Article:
This is definitely the logic and pattern of colonization. The site is first looted and bulldozed by settlers. The next wave drills a few holes and reports “we can’t find anything” and then claims the right to pillage the site (build on it) because “there is nothing there.” Kill it then claim it. As my mother said, two wrongs don’t make a right.
The developer’s map of bore holes and trenches purporting to “prove” anything about what may lie under 1900 4th St. is actually a tiny sampling of a huge area that goes deep. Another odd element of this saga is that no one can produce a permit that gave permission for the drilling and trenching done by Archeo-Tec for the developer on the Spenger’s parking lot site. It is against the law to damage a registered landmark site without a permit from the Landmarks Commission. Also, ground penetrating radar was used and then the results interpreted to support the developer’s claims. The data have never been shared for peer review. The ground was observed to be wet and it is a well established fact that ground penetrating radar is not reliable if groundwater is present.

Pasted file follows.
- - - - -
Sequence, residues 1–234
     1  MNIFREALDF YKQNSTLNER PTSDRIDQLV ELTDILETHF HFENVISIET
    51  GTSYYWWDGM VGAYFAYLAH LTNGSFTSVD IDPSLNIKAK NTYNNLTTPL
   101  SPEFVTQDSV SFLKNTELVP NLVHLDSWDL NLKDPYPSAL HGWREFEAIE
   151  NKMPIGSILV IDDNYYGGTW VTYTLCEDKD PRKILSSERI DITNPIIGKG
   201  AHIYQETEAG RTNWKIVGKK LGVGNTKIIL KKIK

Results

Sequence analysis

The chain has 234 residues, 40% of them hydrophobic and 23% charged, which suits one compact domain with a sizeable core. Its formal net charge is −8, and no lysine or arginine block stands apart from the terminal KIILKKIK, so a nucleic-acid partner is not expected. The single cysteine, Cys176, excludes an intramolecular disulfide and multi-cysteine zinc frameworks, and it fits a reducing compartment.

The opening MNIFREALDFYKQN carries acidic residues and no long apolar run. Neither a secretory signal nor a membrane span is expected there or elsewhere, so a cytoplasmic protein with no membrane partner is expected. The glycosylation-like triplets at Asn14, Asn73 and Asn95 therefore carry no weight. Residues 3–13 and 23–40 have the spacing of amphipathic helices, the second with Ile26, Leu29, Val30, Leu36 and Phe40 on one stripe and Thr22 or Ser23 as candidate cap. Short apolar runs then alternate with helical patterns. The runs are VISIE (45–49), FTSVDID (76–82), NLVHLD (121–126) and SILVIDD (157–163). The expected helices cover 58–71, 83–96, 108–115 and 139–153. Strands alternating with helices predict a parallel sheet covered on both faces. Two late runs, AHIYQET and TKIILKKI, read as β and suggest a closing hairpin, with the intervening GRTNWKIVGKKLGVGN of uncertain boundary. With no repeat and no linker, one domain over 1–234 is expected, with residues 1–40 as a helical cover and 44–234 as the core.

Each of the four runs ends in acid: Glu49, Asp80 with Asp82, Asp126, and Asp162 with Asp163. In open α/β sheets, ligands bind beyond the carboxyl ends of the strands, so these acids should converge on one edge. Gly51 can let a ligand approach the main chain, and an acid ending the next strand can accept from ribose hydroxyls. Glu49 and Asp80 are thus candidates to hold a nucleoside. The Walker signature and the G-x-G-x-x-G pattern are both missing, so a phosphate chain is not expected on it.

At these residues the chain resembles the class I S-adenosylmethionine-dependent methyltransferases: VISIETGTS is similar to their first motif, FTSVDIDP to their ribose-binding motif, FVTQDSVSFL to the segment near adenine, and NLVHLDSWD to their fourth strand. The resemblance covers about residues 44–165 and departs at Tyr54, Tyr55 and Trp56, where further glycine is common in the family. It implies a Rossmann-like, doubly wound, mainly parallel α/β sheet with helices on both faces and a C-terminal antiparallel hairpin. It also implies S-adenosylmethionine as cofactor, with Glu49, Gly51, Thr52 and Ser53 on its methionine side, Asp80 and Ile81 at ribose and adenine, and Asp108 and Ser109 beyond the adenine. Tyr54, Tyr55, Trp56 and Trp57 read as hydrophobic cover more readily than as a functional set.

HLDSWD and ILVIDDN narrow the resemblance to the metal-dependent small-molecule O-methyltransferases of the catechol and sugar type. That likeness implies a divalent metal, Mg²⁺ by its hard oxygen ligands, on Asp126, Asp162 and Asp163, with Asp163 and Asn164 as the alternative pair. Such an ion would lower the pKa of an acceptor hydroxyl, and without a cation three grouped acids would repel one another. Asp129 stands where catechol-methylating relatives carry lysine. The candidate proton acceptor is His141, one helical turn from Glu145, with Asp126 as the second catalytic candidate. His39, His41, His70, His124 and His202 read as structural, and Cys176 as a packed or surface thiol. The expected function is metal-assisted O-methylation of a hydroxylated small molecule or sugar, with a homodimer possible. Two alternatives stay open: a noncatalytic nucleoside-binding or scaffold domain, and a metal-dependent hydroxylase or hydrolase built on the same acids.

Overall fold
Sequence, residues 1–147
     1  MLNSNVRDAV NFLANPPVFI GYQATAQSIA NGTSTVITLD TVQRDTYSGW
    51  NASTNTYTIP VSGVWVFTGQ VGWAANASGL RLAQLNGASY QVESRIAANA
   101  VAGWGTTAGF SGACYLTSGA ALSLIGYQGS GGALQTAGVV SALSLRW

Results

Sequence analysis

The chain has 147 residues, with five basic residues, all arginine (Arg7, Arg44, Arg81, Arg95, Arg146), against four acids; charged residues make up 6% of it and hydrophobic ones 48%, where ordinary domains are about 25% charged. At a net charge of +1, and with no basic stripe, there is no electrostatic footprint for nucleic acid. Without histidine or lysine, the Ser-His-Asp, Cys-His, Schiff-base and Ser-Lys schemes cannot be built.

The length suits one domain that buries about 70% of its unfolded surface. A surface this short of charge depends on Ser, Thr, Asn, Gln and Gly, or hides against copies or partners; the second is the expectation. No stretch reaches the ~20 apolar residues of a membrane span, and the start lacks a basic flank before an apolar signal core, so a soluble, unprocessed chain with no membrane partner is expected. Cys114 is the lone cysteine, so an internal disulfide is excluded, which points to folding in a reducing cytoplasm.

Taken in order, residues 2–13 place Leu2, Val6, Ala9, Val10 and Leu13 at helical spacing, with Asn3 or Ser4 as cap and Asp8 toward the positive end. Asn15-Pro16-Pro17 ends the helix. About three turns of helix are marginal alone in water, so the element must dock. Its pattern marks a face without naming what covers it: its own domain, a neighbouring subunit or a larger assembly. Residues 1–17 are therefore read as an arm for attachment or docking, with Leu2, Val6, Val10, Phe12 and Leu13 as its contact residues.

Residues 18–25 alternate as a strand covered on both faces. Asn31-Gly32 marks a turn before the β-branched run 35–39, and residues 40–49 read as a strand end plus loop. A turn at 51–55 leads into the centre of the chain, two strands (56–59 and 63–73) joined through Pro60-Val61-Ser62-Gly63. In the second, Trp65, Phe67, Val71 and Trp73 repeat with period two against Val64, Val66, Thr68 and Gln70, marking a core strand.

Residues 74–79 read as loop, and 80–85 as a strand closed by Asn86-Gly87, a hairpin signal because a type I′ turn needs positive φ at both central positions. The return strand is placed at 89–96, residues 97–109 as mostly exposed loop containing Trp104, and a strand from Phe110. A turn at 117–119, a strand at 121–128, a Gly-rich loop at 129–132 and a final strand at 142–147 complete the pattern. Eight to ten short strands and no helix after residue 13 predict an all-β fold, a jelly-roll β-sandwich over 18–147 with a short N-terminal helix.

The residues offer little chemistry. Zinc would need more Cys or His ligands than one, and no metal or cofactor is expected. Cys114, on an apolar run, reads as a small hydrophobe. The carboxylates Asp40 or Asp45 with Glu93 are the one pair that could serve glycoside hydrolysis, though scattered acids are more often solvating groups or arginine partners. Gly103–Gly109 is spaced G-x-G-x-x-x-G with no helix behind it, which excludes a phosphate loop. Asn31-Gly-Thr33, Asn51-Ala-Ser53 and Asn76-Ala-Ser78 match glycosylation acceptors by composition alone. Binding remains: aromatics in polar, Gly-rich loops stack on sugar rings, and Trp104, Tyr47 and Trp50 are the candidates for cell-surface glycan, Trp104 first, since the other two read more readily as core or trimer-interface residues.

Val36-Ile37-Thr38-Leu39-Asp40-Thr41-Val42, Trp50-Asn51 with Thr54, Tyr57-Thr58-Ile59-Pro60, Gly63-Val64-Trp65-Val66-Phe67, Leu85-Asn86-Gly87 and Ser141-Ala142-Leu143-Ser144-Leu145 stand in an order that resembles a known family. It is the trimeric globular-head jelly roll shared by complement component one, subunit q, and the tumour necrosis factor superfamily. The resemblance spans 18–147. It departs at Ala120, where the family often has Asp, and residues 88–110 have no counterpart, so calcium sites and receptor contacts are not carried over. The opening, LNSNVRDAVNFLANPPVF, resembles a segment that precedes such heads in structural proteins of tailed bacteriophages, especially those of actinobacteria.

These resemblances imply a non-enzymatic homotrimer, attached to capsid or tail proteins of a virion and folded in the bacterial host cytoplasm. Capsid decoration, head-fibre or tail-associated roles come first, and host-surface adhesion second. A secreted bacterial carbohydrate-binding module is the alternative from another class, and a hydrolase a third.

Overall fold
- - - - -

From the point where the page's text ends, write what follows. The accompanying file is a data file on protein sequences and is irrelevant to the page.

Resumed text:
Let’s take Blake Griggs at their word. Principal Brad Griggs said his company promised that “we would not move forward if we found any evidence whatsoever of the West Berkeley Shellmound.”
‘The clock is ticking and you must approve the project.’
FICTION: SB 35 applies to this property and demands approval of this proposed project by September 4, 2018.
FACT: Last and not least, perhaps our most important fact: The words “site” and “structure” may save a sacred place in Berkeley.
As you might expect, SB 35 does not apply if a proposed building site is home to an endangered species, is a wetland, has a conservation easement attached, or is a toxic site. SB 35 also exempts landmarked sites, referring to them as “historic structures.” SB 35 text (at Sec. 3 – 65913.4) says the law applies only if: “(7) The development is not located on a site where any of the following apply…(C) The development would require the demolition of a historic structure that was placed on a national, state, or local historic register.” (Emphasis added.)